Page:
Unfortunately, however, IP is still treated as an unfamiliar asset class by many banks and lenders. While they understand that IP matters, and that it can drive company value, they do not see how they stand to benefit, even if it does – and they worry about what it might fetch if things don’t go to plan.
They are also constrained by rules over capital adequacy – which, put in very simple terms, means that how much they are allowed to lend overall is limited by how much cash they have in their vaults, what their investments are worth and how many tangible assets they control. Tangible assets which have been taken as collateral for a loan count towards lifting this cap. Intangible assets don’t.
So, for most banks, IP and intangibles have been considered too difficult by most banks as an asset class to consider taking as collateral for loans. There is, however, a growing band of forward-thinking lenders which are actively looking for an answer to the challenge of lending against IP and intangible assets.
This is where IP finance (sometimes referred to as IP-backed finance or IP-based finance) comes in. It allows companies with valuable Intellectual Property and intangible assets to leverage the value of these assets to get funding, by using it as collateral.
Research from the British Business Bank and the UK Intellectual Property Office has conclusively demonstrated that businesses that own IP make better lending risks. As the understanding of IP and intangibles, and their impact on company success, grows, more and more banks are launching IP-based lending products.
Inngot was created to support the growth of an IP-based finance ecosystem using IP as collateral that would help SMEs unlock the value of their IP and intangibles.
On the lending side, we are already working with a number of innovative banks and lenders to help them identify the IP that’s fundamental to driving a company’s business so they can more easily value it and use it as collateral.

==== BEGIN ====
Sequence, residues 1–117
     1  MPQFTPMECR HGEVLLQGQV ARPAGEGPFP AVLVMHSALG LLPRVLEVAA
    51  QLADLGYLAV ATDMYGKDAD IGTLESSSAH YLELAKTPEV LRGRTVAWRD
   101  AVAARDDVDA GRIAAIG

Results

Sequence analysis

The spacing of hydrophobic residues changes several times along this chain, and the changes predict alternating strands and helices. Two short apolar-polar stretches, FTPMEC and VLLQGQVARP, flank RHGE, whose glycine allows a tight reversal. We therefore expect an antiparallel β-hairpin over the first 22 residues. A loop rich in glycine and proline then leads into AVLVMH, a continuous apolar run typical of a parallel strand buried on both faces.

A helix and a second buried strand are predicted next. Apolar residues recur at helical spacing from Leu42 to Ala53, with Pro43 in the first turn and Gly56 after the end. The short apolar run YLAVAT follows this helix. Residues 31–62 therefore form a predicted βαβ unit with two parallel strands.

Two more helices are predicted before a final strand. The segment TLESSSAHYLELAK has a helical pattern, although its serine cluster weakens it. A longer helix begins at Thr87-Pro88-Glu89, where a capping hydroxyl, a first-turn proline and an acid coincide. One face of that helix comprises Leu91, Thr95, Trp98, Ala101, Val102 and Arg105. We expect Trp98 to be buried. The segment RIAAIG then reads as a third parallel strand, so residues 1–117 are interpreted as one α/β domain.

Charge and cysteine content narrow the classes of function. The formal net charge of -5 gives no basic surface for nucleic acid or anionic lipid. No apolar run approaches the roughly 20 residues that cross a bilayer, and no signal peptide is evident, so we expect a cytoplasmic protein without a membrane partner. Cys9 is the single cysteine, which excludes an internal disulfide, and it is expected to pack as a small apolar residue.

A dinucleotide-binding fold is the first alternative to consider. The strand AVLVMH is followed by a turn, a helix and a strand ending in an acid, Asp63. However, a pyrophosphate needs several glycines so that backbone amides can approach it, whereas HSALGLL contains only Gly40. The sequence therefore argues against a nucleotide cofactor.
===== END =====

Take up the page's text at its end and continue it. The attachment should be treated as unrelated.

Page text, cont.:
On the company side, we are providing directors with the tools they need to communicate the value of their core IP in language which bankers (and investors) can easily and quickly understand and which will give them the ‘comfort’ they need to hand over their money. They can also use our tools to better manage their IP and intangibles strategically to drive even more growth.
But we are going further than simply identifying and valuing IP: we have built on our existing IP identification and valuation tools by developing a new Collateral Suitability Check tool. This assesses a company’s valuable IP on three key indicators: Strength (how good the IP is in its market); Securability (how easy it is for a lender to take ownership over the relevant IP); and Saleability (how likely it is that another company is likely to want to buy the IP in question).
This tool, coupled with Inngot’s existing IP identification and valuation tools, can support new lending products which use IP as collateral – like the High Growth IP Loan proposition NatWest Group has just launched.
Products like this will make IP-based finance viable for IP-rich SMEs and scaleups. It will allow banks to lend with confidence while delivering lower financing costs for borrowers by letting them leverage the value otherwise locked up in their IP.
 The Future of Growth Capital, ScaleUp Institute, Innovate Finance and Deloitte, 2020.
 Using Intellectual Property to Access Growth Funding, British Business Bank and UK IPO, 2018